Long-term urban carbon dioxide observations reveal spatial and temporal dynamics related to urban characteristics and growth

Logan E. Mitchell, John C. Lin, David R. Bowling, Diane E. Pataki, Courtenay Strong, Andrew J. Schauer, Ryan Bares, Susan E. Bush, Britton B. Stephens, Daniel Mendoza, Derek Mallia, Lacey Holland, Kevin R. Gurney, James R. Ehleringer

Research output: Contribution to journalArticlepeer-review

119 Scopus citations


Cities are concentrated areas of CO2 emissions and have become the foci of policies for mitigation actions. However, atmospheric measurement networks suitable for evaluating urban emissions over time are scarce. Here we present a unique long-term (decadal) record of CO2 mole fractions from five sites across Utah's metropolitan Salt Lake Valley. We examine "excess" CO2 above background conditions resulting from local emissions and meteorological conditions. We ascribe CO2 trends to changes in emissions, since we did not find longterm trends in atmospheric mixing proxies. Three contrasting CO2 trends emerged across urban types: negative trends at a residentialindustrial site, positive trends at a site surrounded by rapid suburban growth, and relatively constant CO2 over time at multiple sites in the established, residential, and commercial urban core. Analysis of populationwithin the atmospheric footprints of the different sites reveals approximately equal increases in population influencing the observed CO2, implying a nonlinear relationshipwith CO2 emissions: Population growth in rural areas that experienced suburban development was associated with increasing emissions while population growth in the developed urban core was associated with stable emissions. Four state-of-the-art global-scale emission inventories also have a nonlinear relationship with population density across the city; however, in contrast to our observations, they all have nearly constant emissions over time. Our results indicate that decadal scale changes in urban CO2 emissions are detectable through monitoring networks and constitute a valuable approach to evaluate emission inventories and studies of urban carbon cycles.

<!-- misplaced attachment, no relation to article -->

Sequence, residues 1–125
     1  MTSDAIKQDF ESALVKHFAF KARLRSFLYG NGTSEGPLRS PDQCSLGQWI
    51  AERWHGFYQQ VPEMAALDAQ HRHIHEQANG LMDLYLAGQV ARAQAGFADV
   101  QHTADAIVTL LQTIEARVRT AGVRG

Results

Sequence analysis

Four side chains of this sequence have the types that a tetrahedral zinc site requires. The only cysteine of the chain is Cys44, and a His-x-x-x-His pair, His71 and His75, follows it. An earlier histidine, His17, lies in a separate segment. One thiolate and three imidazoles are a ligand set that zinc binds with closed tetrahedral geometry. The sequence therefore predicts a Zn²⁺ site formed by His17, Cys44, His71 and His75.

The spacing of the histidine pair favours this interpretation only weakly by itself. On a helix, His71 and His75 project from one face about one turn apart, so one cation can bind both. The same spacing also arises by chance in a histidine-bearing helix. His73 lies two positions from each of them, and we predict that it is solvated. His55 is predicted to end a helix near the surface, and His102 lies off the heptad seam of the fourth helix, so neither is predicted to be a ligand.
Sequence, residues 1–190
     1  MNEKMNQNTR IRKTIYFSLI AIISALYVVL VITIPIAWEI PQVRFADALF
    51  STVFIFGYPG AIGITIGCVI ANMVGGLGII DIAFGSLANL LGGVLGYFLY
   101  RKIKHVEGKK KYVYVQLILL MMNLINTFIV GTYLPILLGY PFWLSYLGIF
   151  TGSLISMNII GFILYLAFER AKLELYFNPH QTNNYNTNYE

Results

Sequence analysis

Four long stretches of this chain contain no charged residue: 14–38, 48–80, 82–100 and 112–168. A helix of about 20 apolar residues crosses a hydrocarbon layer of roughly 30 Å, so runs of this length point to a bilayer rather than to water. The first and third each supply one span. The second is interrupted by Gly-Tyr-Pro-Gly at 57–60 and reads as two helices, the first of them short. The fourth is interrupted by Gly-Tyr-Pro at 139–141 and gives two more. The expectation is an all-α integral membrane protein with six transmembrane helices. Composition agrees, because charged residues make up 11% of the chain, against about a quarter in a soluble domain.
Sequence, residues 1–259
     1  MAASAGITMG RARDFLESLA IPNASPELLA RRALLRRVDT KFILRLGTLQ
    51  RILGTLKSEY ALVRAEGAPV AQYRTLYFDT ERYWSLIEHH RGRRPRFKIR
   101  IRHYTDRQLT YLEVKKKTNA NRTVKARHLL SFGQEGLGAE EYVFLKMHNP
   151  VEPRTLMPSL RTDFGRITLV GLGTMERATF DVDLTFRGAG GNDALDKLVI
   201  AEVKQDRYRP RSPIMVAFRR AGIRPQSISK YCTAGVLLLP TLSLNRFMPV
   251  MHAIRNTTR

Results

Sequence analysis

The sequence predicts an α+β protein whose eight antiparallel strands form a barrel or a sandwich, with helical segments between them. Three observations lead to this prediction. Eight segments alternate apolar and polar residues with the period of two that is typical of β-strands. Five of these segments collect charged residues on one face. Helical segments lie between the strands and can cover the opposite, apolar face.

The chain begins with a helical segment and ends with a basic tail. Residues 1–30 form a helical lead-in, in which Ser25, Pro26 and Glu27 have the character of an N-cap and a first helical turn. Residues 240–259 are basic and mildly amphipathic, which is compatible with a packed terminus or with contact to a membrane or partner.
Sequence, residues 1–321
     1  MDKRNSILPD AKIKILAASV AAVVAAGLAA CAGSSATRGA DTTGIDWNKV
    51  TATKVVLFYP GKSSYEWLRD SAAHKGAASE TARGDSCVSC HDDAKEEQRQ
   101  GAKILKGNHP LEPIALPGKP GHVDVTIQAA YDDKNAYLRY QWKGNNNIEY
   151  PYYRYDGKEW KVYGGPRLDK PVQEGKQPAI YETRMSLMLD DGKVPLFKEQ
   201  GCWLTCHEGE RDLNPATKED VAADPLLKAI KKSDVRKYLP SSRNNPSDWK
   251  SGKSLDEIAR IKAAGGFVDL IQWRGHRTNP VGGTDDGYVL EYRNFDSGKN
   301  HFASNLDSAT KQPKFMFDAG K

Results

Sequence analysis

Original languageEnglish (US)
Pages (from-to)2912-2917
Number of pages6
JournalProceedings of the National Academy of Sciences of the United States of America
Issue number12
StatePublished - Mar 20 2018
Externally publishedYes


  • Carbon dioxide
  • Emissions
  • Greenhouse gas
  • Trends
  • Urban

ASJC Scopus subject areas

  • General


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